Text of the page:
While Kenya and Tanzania have attempted to join global trade through the production of goods in special economic zones, high labour costs threaten to hamper their effort, says World Bank Group chief economist Pinelopi Koujianou Goldberg.

Now, companies are avoiding the region because of the existing poor infrastructure, restrictive trade and investment policies and low adoption of international qualities and standards have made companies avoid East Africa, and in the process crippling the take-off of the manufacturing sector and killing the dream of industrialisation.

In Kenya and Tanzania, manufacturing labour costs stand at $2,200 and $1,700 annually, respectively, compared with $900 in Ethiopia and $800 in Bangladesh.

“Kenya has underperformed in its participation in global value chains even after transitioning to basic manufacturing,” said Ms Goldberg during a media briefing in Nairobi.

She added that even after transiting from a commodity-based GVC to limited manufacturing of mainly agribusiness and apparel within the Export Processing Zones, Kenya’s participation has only increased by 10 percentage points in a quarter of a century.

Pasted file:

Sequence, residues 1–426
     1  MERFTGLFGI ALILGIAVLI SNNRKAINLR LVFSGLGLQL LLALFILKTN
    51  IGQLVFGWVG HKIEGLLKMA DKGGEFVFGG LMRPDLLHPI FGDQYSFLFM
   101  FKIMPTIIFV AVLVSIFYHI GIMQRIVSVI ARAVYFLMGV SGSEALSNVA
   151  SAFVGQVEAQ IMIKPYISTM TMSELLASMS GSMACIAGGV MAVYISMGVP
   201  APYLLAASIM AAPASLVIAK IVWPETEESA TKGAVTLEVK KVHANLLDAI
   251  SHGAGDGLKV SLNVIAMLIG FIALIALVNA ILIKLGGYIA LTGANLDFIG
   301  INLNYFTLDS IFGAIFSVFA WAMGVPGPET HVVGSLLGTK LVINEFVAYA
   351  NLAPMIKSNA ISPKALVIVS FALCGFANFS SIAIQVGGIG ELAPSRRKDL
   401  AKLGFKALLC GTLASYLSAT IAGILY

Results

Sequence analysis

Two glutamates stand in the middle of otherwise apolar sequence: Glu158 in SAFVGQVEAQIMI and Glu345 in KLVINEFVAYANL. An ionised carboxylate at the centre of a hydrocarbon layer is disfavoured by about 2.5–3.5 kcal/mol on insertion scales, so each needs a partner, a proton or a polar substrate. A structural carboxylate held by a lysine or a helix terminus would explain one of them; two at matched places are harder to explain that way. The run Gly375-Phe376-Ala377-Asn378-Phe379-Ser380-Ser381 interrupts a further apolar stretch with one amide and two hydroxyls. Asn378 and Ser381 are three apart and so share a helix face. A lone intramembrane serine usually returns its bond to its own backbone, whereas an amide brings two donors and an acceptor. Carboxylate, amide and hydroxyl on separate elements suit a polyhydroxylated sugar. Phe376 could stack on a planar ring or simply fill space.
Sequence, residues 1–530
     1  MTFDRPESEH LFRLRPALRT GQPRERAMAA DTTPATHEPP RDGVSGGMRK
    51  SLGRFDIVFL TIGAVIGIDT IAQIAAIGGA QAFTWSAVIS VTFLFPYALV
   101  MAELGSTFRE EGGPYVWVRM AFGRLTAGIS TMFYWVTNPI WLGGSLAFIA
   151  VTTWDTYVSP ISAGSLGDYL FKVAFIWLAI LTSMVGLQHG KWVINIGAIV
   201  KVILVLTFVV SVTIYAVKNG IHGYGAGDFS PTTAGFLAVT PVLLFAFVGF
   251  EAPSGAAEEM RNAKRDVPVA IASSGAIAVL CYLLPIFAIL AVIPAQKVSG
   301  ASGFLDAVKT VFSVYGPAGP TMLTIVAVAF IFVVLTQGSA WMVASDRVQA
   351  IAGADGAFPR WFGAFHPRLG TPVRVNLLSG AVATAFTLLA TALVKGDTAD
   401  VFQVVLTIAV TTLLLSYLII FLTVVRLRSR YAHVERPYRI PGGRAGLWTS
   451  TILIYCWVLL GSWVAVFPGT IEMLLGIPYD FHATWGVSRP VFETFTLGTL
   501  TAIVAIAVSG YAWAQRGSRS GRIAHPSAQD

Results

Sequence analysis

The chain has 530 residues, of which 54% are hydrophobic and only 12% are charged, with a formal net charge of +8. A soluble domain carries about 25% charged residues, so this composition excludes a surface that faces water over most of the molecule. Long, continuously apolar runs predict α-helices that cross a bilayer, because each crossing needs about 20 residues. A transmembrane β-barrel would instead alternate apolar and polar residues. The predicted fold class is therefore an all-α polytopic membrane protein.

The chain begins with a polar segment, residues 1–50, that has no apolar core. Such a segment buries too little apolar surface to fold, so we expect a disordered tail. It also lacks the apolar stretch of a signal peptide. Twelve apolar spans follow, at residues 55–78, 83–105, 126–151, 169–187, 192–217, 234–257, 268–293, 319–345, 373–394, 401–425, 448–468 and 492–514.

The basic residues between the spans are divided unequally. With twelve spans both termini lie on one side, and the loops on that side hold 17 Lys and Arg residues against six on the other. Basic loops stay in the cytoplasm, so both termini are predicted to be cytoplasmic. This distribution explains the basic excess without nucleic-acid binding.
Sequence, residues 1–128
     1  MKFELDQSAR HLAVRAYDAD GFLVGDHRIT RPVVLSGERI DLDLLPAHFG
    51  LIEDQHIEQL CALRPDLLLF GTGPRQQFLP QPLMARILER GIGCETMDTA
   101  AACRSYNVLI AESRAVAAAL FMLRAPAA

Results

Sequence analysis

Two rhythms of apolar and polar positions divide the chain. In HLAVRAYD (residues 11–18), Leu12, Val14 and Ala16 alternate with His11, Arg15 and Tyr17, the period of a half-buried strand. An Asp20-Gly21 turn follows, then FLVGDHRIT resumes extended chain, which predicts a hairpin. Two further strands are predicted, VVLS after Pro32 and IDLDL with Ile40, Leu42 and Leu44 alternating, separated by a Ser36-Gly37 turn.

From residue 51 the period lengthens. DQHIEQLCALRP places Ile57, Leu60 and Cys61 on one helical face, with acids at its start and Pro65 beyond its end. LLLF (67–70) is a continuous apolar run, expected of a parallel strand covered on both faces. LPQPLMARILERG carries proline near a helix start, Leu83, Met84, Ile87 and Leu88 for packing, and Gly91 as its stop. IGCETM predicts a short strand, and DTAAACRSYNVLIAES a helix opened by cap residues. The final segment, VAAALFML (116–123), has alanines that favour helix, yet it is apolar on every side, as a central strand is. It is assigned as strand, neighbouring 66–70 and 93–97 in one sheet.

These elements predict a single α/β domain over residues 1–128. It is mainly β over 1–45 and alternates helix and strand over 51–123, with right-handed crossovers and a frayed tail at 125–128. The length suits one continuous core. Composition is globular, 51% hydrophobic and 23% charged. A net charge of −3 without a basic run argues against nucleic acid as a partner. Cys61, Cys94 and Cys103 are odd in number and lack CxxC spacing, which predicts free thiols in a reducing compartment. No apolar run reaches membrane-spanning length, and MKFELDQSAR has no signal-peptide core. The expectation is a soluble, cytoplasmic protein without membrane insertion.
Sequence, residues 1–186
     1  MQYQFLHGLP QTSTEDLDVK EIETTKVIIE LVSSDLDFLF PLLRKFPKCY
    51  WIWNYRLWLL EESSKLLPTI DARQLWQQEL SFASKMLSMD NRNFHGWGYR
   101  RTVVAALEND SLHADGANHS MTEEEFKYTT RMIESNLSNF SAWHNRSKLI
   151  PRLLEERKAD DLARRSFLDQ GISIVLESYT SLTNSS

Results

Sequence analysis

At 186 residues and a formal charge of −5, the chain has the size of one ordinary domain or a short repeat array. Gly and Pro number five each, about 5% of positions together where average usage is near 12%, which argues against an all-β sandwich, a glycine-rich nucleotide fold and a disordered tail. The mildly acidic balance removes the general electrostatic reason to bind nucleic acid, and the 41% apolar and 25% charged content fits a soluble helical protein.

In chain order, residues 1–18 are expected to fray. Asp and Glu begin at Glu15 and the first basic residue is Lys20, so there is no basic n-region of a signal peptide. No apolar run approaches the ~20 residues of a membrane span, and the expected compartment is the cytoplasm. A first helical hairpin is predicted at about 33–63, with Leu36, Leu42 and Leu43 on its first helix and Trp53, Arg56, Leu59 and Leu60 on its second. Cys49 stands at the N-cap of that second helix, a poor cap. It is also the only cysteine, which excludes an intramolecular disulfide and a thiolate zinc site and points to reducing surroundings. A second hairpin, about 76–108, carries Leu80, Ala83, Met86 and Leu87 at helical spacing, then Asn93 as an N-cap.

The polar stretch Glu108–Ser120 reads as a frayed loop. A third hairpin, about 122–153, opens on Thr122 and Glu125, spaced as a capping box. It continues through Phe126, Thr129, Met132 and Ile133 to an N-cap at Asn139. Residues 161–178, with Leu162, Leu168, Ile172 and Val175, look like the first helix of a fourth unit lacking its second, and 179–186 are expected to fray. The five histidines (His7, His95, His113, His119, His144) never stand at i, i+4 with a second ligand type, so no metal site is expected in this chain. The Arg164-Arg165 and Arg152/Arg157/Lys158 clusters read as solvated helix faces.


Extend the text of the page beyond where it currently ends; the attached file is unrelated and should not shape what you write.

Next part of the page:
While Vietnam and Mexico witnessed a significant 57 per cent growth in per capita, Kenya’s growth was a mere four per cent. “GVCs translate into faster growth in per capita but we have not seen that in Africa,” she noted.

She added that GVCs can continue to boost economic growth, create better jobs and reduce poverty if developing countries undertake deeper reforms and developed nations pursue open and predictable policies.

The World Bank contends, a one per cent increase in GVC participation is estimated to boost per capita income by more than one per cent, which is higher than the 0.2 per cent income gained through standard trade.

The biggest growth spurt typically comes when countries transition out of exporting commodities and into exporting basic manufactured products like garments using imported inputs like textiles, akin to what happened in Bangladesh, Cambodia and Vietnam.

Investments in industrial parks, cheap labour, affordable electricity and other incentives like tax breaks have seen Ethiopia overtake Kenya as the preferred investment destination for textile and apparel.

Workers in Ethiopia’s parks are paid a meagre $26 a month compared with Kenya where workers in apparel parks earn $207 per month owing to the fact that Ethiopia has no official minimum wage for the private sector.

Ethiopia has five huge publicly-owned industrial parks and the government has promised to open a total of 30 by 2025. Hawassa Industrial Park, Ethiopia’s flagship park, is the biggest with a total of 25,000 employees, a number that is supposed to grow to 60,000, working two shifts.

The East African